I share this all to say that if we as a culture want to have a true discussion on parenting and motherhood in this society that first thing we must be willing to look at is the differences that impact us as mothers. Yes, we all want the same thing for our babies but the means by which we get there may different. It’s why in Black and Brown communities the need for a village from my perspective is stronger than in the white community. I know I cannot parent alone, I have tried. Yet for my white sisters many are okay without that village yet they often have greater supports, partners who often can earn enough to provide. While my white sisters also deal with the fact that as women in this society they are still not valued as much as men the fact is with whiteness comes a level of privilege that is harder to access if you are Black or Brown.  While most certainly lower income whites face many of the same struggles that low income and even middle class Blacks face the fact is whiteness is at times less stressful.

To come together as mothers concerned about the world and raising kids, I need my white sisters to understand that while my methods of raising kids may differ from you, it’s only because our reality is different.  Once there is that acknowledgment then I think as women and mothers we can come together to address the inequities that face us all.

6 thoughts on “Raising Black and Brown Babies”

  1. “…I allow my kids a voice but at the same time I understand that black and brown children if they are caught out in the world expressing themselves no matter how cute and articulate that as they grow older the stakes get higher.”

    Spankings stopped some time ago although but I still yell to get my point across, if need be. I struggle with them having a voice more than anything so I relate so much with this line. Often I think it is powerful that they can speak for themselves, will voice their opinion, and even correct me if I am wrong about something. Others do not see it that way or like it.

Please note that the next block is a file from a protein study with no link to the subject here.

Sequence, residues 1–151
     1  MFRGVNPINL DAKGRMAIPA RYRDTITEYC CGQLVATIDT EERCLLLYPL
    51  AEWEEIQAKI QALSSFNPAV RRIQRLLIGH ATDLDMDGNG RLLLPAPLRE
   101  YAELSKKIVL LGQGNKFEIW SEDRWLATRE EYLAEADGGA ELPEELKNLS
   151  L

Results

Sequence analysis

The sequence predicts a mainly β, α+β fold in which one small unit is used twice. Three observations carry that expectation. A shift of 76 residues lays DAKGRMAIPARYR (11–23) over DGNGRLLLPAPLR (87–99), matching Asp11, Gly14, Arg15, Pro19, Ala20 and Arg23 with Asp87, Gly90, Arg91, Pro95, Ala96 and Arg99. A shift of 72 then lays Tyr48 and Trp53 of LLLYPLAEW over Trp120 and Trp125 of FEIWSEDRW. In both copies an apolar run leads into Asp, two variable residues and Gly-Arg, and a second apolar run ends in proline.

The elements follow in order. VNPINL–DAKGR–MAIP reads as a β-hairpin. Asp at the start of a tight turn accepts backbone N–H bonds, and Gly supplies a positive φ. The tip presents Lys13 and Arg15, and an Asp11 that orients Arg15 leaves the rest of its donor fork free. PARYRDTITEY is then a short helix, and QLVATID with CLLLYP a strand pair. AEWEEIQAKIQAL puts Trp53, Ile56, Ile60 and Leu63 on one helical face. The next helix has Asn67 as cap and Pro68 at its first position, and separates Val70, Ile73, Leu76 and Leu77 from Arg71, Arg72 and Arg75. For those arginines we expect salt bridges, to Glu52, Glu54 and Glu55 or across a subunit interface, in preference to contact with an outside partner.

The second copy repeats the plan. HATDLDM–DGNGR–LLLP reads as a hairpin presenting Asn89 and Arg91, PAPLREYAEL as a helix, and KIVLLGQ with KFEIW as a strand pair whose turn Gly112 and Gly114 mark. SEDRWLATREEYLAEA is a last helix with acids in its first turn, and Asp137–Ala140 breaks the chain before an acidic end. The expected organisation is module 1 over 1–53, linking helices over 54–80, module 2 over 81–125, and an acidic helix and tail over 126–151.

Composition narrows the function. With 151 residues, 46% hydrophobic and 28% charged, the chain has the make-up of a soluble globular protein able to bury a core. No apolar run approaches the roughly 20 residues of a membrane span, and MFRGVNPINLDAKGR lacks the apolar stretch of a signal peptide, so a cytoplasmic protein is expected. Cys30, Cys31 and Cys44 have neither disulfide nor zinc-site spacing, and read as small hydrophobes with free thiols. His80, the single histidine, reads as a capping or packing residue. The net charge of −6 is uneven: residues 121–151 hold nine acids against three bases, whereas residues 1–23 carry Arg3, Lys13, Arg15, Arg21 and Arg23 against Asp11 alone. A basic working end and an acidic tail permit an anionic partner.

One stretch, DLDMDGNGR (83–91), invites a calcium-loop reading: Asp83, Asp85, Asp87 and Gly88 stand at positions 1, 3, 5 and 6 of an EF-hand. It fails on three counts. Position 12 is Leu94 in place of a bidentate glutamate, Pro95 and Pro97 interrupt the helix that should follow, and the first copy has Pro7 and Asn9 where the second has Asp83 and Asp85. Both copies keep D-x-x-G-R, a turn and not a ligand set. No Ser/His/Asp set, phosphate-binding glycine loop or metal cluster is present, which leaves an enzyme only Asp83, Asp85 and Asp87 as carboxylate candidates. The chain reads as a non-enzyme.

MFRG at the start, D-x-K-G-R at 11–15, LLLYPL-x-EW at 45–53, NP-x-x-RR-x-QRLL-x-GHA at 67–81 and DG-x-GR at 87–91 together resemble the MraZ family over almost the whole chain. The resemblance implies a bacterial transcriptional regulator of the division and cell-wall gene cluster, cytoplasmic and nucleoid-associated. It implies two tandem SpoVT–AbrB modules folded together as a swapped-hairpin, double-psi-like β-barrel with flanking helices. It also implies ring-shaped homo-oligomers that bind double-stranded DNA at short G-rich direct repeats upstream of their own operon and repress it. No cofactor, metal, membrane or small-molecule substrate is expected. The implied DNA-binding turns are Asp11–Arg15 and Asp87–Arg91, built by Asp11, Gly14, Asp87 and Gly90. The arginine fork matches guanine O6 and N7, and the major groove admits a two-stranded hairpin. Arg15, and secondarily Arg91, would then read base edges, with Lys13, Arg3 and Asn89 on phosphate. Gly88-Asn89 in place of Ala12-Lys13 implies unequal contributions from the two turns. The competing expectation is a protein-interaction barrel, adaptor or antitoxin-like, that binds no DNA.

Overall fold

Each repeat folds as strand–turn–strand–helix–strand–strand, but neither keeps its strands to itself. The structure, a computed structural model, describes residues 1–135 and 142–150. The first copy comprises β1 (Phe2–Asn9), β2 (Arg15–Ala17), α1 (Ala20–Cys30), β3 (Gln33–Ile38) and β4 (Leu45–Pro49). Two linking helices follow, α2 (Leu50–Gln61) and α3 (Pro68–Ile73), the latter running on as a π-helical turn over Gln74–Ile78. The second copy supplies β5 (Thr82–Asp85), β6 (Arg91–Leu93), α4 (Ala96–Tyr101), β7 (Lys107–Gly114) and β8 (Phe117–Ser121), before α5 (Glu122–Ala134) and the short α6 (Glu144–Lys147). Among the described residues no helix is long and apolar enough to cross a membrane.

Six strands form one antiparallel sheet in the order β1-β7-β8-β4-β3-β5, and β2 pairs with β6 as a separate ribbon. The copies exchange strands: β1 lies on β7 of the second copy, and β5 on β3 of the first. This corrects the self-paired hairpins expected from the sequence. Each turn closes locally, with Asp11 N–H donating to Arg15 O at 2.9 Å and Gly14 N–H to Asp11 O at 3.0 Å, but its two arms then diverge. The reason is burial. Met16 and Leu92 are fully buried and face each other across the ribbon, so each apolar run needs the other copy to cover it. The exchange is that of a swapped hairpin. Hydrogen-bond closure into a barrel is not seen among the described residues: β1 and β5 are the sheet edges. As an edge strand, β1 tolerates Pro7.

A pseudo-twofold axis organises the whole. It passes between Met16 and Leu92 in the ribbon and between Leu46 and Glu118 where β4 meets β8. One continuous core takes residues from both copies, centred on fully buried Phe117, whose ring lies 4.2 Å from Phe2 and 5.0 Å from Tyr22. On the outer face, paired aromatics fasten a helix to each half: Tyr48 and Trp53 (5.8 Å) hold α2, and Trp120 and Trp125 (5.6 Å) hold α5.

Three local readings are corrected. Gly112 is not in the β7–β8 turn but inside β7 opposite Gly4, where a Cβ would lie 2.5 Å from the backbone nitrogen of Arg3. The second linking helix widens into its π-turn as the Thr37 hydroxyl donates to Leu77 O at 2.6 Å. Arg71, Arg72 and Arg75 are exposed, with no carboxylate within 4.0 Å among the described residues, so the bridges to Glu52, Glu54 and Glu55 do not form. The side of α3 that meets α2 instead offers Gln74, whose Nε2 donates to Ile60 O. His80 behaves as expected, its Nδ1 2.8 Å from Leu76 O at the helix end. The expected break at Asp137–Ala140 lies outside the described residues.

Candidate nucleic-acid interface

Awesome post!

  2. I think you hit the nail on the head for me as AA mother raising my boys in the USA. I will print this out and place it in my journal as a reminder of why I do what I need to do for my family- in raising them to be productive members of society. My husband and I have been bless to have children and it’s our duty to prepare them. Thank you for this post.

  3. I’ve watched my sweet nephews grow up and now they look like men. I want to tell them crazy things like, “Don’t travel more than 1 or 2 deep” for fear of them looking threatening and like “gang members”. These are the sweetest boys you’d ever want to know but I still worry like mad. Then I start thinking about my own two boys . . . it’s really difficult.

  4. Shay, what baffles me is the hegemonic nature of these discussions–as is attachment parenting were some new phenomena. Women in Latin America and the Caribbean, Asia and Africa have been doing this for YEARS. The message is the same: middle-class white women know what’s best for all mothers. And when a mother of color tries to give her perspective (as Robyn did), she is ignored and told, “Well this is how I do it.” *smh* (It’s not the first time this has happened, though, so I shouldn’t be surprised.) Or, even worse, we are called child-haters–even though we have given examples of how we have grown up in such contexts WITH discipline.

    I am not a mother. But as a woman of color who grew up in an attachment parenting environment–before white middle class psychologists even coined the phrase–I can say that there as POSITIVE and NEGATIVE aspects of this. On the positive side, I had so many people involved in my child-rearing that I can honestly say it made me into a strong woman. On the negative side, I feel like I experienced a level of overprotectiveness that did not aid in my transition to adulthood decision-making. (Though, many of my Latina and Black friends who are currently practice attachment parenting seem to have mastered this great divide, which is cool to see. They have involved relatives they can trust. On the other hand, they’ve also abandoned the “old ways” of regimented discipline.)

    Any type of black and white–“this is how it is” (child hater vs. child lover)–discussions are bound to fail.